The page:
CIS and Black Sea region financing needs are large, but manageable

The coronavirus pandemic will push fiscal financing needs in the Commonwealth of Independent States (CIS) and Black Sea region to record high levels in 2020, according to a new report from Fitch Ratings. However, policy improvements, availability of official financing, oil exporters’ savings and strengthened domestic markets have provided near-term support.

Fitch has negative outlooks on three of the eight sovereigns it rates in the region and two more have ‘B’ ratings that reflect high external financing needs and relatively low external buffers. Median fiscal financing needs (general government deficit plus debt amortisations) for the CIS and Black Sea region are forecast at 10 per cent of GDP in 2020, surpassing the peak of seven per cent of GDP in 2009 and 2015. In gross terms, Fitch forecasts financing needs at 152 billion US dollars, which is equivalent to 7.4 per cent of projected regional aggregate GDP for 2020.

Fitch expects official financing to cover the majority of total 2020 financing needs for Georgia (BB) and Uzbekistan (BB-), and external financing for Armenia (BB-) and Ukraine (B). Armenia, Georgia and Ukraine have IMF programmes and Uzbekistan accessed the Fund’s facilities for rapid disbursements. External official financing for these oil importers also supports balance of payments financing.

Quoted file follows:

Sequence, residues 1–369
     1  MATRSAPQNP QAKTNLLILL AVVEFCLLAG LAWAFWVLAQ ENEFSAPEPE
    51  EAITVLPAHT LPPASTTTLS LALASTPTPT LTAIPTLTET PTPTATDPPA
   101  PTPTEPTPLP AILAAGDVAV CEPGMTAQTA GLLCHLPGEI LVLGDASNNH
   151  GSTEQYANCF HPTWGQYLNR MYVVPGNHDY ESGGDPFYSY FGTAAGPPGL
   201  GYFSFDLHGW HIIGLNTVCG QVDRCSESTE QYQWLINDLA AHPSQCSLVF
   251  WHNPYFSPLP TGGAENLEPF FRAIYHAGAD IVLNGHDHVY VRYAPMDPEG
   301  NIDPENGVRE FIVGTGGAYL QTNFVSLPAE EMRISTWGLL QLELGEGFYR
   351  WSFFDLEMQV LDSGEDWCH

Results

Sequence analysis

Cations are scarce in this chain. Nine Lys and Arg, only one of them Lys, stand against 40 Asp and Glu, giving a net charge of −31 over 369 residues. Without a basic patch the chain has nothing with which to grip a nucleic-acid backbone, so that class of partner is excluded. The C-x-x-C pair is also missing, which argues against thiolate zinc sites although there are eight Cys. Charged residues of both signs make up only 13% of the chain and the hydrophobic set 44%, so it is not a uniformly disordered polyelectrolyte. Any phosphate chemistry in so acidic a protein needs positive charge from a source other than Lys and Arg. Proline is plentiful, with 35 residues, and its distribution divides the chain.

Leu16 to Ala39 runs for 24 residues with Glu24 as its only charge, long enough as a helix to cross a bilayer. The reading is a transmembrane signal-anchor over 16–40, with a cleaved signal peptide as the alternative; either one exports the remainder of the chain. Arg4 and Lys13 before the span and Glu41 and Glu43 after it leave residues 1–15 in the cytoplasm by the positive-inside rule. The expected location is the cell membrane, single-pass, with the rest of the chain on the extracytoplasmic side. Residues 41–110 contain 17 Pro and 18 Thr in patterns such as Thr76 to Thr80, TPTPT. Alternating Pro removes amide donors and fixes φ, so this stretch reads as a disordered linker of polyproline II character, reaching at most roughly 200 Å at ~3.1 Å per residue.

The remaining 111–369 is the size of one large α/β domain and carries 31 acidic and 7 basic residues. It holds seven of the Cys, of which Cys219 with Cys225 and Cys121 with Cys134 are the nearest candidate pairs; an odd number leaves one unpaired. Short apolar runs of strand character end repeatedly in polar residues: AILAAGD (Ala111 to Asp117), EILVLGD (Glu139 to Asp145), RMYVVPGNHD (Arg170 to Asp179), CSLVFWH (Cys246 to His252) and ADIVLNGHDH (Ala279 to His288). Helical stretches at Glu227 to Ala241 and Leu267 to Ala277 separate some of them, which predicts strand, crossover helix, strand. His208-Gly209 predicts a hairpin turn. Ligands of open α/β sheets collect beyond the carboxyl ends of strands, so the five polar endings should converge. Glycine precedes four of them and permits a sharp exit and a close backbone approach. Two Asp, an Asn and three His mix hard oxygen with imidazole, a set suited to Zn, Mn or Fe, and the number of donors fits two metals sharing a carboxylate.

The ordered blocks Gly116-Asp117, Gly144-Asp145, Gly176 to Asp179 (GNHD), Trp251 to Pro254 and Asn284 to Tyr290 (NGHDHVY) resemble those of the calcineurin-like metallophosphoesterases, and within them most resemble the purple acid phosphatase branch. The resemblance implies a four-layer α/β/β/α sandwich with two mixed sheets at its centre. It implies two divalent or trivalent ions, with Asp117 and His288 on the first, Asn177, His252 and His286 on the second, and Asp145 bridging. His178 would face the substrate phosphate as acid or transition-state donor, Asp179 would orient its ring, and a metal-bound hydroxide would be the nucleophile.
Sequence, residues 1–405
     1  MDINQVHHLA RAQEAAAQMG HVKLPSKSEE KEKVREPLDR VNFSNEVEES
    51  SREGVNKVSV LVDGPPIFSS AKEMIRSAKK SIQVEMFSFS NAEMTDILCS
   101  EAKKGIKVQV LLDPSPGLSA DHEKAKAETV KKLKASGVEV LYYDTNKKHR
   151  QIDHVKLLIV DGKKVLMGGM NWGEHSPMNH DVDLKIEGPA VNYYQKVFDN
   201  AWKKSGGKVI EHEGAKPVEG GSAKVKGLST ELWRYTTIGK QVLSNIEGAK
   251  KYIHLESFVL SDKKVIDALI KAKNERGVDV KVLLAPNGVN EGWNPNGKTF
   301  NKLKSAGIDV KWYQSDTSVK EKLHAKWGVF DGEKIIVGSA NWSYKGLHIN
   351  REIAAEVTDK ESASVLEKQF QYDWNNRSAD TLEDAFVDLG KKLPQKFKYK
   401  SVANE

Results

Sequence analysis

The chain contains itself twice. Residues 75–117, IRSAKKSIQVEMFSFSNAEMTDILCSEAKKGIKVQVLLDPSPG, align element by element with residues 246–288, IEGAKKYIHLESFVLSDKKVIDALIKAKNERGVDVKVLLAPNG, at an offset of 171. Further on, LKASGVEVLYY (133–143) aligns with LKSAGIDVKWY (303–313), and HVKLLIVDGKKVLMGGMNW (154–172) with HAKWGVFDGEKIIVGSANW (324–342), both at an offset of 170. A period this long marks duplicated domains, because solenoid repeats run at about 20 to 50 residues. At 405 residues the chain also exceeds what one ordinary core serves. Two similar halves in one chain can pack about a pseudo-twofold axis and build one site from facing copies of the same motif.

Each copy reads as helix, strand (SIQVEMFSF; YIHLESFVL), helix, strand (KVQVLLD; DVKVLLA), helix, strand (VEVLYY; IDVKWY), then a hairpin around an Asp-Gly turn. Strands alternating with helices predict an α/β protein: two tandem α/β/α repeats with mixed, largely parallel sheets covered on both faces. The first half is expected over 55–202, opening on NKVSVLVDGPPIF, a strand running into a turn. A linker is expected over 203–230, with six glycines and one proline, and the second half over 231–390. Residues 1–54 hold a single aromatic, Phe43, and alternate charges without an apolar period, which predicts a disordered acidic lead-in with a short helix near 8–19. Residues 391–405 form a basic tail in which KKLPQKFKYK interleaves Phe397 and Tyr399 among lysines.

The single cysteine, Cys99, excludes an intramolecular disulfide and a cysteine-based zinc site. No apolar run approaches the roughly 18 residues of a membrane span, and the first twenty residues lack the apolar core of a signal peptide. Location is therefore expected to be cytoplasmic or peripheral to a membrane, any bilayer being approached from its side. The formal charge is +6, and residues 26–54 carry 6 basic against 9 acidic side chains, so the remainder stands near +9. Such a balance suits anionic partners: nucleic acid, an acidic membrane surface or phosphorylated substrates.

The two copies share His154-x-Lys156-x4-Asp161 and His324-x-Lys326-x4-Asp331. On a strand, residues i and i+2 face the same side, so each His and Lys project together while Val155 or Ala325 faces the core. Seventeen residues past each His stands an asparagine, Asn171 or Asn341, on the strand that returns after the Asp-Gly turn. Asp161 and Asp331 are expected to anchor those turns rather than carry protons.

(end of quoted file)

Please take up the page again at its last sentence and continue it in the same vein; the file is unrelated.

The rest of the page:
Oil exporters Kazakhstan (BBB) and Azerbaijan (BB+) will meet the majority of their funding needs by tapping their sovereign wealth funds and the ratings agency expects the assets of Azerbaijan’s SOFAZ and Kazakhstan’s NFRK to remain large, supporting creditworthiness. Russia (BBB) will use its National Wealth Fund to compensate for the loss of oil revenue, but will rely on domestic markets for the majority of its financing need.

Stronger policies and improved macroeconomic stability benefit domestic financing conditions. Domestic markets will represent a key source of financing in the region, and Fitch expects them to provide the majority of financing for Russia and Ukraine, around half for Armenia and about one-third for Kazakhstan and Georgia. External market financing is not an important source of deficit financing and will remain limited in 2020.


Fiscal financing needs will remain high in 2021 (median of 6.3 per cent of GDP), with upside risks stemming from a weaker-than-forecast recovery and contingent liabilities. For most regional sovereigns, retaining policy credibility and consistency will be an important factor to maintain resilience to external shocks and to continue to access external official financing, domestic financing in sustainable terms and potentially external markets.

The dynamics of government debt (and external debt) will remain a key factor for creditworthiness. Fitch forecasts general government debt to increase by an average of 8.1 percentage points of GDP in the region in 2020, lifting the median to 41 per cent of GDP.

In addition, most sovereigns in the region will increase their already high share of foreign-currency-denominated debt and, with the exception of Russia and Kazakhstan, this will remain above peers, representing a key vulnerability for debt dynamics.

The coronavirus shock to growth and public finances has put pressure on the region’s ratings. Fitch has moved the outlooks to negative from stable for Armenia (BB-) and Georgia (BB) and the outlook for Ukraine (B) to stable from positive. Policy uncertainty, notably around the exchange rate, amid lower oil prices led to a revision of Azerbaijan’s (BB+) outlook to negative from stable despite a robust sovereign balance sheet.

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